Without doubt, this Western view of time has been a boon in many regards. It has helped the Western world create massive wealth, solve myriad complex problems, envision and bring to fruition technologies and inventions to boggle the mind. The commoditization of time has helped stretch lives and shrink mortality, grow comfort and ease suffering. In short, our view of time has allowed for great progress, a great progression in the utmost linear sense.

Sunset over Lake Atitlán, Guatemala, 2016. This image is from a timelapse of 1800+ images taken over five hours, time-stacked and re-rendered to show the accumulation of clouds and stars over the entire duration.
Sunset over Lake Atitlán, Guatemala, 2016. This image is from a timelapse of 1800+ images taken over five hours, time-stacked and re-rendered to show the accumulation of clouds and stars over the entire duration. Scroll to the very bottom of this post to see the full timelapse video.

But, like anything, it seems apparent that progress comes at a cost. That relentless nagging about time, the firm hand on the back insisting we never be idle, we never “waste” a moment, focusing forever on doing, doing, doing…it has cost us.

As Jaime spoke, my mind drifted, floated to experiences far from linear time, from to-do’s and deadlines and the never-ending push for more. Experiences where time was not of the essence and instead was the essence, where the spending of time was not a wasting, but rather an intrinsic part of the whole. Experiences when the idle spending of time - cherishing, contemplating, sitting and watching and awing - was the point, not the problem.

“When did you last watch a sunset?” Jaime asked, interrupting my mental drift.

“A whole one? Man, it’s been a while,” I said sadly. “Longer than I’d like. But, one of the best ever was on Lake Atitlán. I spen five hours just…watching. It was magic. You?”

“Guatemala. A year ago,” he said, a deep smile creasing his face. “I haven’t had time since.”

We may smile now. We can go back to serenely immersing ourselves in time - in our finite time - to savoring the clear intensity of every fleeting and cherished moment of the brief circle of our existence.

- Carlo Rovelli, The Order of Time (library)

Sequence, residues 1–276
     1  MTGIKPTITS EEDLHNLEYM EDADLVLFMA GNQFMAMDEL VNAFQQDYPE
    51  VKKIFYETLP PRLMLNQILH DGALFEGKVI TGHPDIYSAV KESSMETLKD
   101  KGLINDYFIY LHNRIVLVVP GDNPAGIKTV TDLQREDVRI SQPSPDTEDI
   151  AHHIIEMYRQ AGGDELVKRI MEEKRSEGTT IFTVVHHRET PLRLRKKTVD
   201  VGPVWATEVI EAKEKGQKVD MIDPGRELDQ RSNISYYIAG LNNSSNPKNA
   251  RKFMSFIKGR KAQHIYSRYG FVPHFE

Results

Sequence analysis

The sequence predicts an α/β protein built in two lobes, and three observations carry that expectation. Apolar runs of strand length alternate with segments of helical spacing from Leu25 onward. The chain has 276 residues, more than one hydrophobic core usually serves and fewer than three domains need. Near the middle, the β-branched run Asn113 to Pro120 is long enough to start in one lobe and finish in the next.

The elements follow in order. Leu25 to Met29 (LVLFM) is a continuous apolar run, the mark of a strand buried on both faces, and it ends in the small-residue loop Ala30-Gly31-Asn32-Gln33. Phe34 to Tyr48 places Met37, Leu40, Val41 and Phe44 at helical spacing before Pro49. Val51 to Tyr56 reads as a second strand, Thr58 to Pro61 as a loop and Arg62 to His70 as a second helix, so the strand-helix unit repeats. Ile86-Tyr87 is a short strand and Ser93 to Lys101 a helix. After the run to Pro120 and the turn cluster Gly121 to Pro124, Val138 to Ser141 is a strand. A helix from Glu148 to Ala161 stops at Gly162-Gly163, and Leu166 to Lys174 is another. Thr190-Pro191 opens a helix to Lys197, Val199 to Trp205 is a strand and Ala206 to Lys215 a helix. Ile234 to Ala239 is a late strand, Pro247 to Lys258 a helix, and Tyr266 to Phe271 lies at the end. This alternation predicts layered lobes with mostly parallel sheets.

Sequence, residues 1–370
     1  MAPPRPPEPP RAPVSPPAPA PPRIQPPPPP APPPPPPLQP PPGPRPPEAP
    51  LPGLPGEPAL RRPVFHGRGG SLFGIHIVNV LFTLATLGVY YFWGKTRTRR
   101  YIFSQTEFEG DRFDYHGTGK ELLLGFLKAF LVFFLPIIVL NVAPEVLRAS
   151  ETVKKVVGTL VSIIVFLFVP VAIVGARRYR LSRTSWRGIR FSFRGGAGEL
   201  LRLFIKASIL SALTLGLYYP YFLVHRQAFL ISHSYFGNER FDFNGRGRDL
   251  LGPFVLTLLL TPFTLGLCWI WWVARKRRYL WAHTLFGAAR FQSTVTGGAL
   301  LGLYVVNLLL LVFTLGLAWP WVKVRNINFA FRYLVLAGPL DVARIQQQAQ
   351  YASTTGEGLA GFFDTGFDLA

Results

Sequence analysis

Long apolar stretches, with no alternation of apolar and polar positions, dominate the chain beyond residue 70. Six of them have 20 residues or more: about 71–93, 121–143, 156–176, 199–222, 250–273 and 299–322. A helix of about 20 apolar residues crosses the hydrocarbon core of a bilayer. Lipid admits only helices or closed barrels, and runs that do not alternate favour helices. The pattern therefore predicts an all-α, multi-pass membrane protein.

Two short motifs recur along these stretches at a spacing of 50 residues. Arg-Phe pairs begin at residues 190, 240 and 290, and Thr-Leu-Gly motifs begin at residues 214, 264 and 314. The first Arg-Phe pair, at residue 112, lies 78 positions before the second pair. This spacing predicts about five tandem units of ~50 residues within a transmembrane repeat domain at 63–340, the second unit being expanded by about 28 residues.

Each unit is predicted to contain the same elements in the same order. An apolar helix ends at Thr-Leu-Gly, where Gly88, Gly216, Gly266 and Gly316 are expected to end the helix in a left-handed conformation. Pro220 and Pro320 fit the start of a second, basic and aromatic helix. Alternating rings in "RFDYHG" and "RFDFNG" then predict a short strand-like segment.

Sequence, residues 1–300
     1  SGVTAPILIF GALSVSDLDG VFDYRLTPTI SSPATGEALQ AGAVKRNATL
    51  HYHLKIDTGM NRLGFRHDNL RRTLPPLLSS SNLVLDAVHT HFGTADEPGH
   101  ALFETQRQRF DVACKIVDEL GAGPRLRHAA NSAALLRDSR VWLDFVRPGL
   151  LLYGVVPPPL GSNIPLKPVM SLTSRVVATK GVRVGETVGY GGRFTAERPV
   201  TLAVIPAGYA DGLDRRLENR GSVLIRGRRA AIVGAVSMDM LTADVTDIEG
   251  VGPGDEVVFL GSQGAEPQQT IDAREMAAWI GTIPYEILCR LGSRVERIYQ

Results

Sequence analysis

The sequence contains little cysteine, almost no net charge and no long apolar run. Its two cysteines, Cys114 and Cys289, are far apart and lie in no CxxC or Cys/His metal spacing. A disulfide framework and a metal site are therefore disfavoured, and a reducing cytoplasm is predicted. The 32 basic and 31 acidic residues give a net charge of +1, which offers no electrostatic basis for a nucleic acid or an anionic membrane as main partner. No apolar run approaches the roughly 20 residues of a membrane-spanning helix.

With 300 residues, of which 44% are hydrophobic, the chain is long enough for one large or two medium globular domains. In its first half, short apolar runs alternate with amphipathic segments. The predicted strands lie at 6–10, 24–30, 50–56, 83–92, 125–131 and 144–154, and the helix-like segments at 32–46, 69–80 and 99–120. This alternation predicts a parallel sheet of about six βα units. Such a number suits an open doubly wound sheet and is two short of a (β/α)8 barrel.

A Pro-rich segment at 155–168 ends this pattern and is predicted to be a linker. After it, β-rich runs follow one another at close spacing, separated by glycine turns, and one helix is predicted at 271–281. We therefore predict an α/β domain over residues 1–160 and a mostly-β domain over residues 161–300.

I hopped out of the car, thanking Jaime for the ride and conversation, and ran off to catch a plane…just in time.

That night, I watched the sunset.

I watched the clouds move, gathering here and dissipating there, popping with lightning and slowly bathing themselves in the subtle hues of twilight. I just sat there, thinking of everything and of nothing, reveling in in the majesty and mystery of it all, wasting time in the most productive way.

You would measure time the measureless and the immeasurable.
You would adjust your conduct and even direct the course of your spirit according to hours and seasons.
Of time you would make a stream upon whose bank you would sit and watch its flowing.
Yet the timeless in you is aware of life’s timelessness,
And knows that yesterday is but today’s memory and tomorrow is today’s dream.
And that that which sings and contemplates in you is still dwelling within the bounds of that first moment which scattered the stars into space.
Who among you does not feel that his power to love is boundless?
And yet who does not feel that very love, though boundless, encompassed within the centre of his being, and moving not from love thought to love thought, nor from love deeds to other love deeds?
And is not time even as love is, undivided and spaceless?
But if in your thought you must measure time into seasons, let each season encircle all the other seasons,
And let today embrace the past with remembrance and the future with longing.

- Kahlil Gibran, On Time

2 comments on “On Time and Sunsets”

  1. Thanks Jake. That video is incredible. My boys love stargazing at the moon and mars but this was something else.

    1. Thanks, Alex - glad you enjoyed it! It was an amazing sight to behold with the clouds, lightning, and stars all coming together in a wonderful show!